If a testator is married or has a child after execution of a will—and if the testator’s will does not contemplate the marriage or birth—the spouse or child receives a share of the estate as if the testator had died intestate.  If a testator is divorced after executing a will and the will does not contemplate the divorce, the will is interpreted as if the former spouse had predeceased the testator.

Holographic and Oral Wills.

Georgia law does not recognize holographic wills.  A handwritten will can still be valid, but it must satisfy all of the other requirements for execution of a valid will, including attestation by witnesses.

Oral (or “nuncupative”) wills are no longer recognized under Georgia law.

Georgia Trust Requirements.

An express trust in Georgia must be evidenced by a writing signed by the settlor or someone acting under power of attorney with the settlor’s express consent. The settlor of a Georgia trust must have legal capacity to create the trust.  For living trusts, that means having capacity to transfer title to property. For testamentary trusts, capacity is the same as the capacity to make a will.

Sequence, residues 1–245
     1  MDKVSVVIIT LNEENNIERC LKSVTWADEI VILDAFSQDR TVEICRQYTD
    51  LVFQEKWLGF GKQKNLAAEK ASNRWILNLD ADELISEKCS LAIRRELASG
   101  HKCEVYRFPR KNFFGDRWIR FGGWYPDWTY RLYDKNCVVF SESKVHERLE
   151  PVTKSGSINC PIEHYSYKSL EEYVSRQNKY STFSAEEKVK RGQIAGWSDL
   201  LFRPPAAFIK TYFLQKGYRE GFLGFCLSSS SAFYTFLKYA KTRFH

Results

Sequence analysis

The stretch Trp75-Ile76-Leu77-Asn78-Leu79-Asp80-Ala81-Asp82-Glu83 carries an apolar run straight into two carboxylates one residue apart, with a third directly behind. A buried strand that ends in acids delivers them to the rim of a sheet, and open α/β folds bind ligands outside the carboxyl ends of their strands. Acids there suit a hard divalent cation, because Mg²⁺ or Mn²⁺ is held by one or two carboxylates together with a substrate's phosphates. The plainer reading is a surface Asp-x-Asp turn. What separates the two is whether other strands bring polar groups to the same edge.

The settlor must also have actual intent to create the trust, and the trust must have trust property, a trustee with actual duties, and a reasonably ascertainable beneficiary (subject to exceptions for charitable trusts and trusts for the care of animals).

For property to be transferred to a trust, legal title must formally pass to the trustee.  In the case of real estate, a deed or other instrument of conveyance must be recorded in the relevant land records.

A Georgia trust can be created for any lawful purpose.  Georgia trusts are assumed to be irrevocable unless the power to revoke or amend the trust is expressly reserved by the settlor.  A revocable trust may only be modified or revoked via a writing signed by the settlor.

Special Considerations.

Estate Tax:  The Georgia legislature repealed Georgia’s estate tax beginning in 2005.  Large Georgia estates may still be liable for federal estate taxes.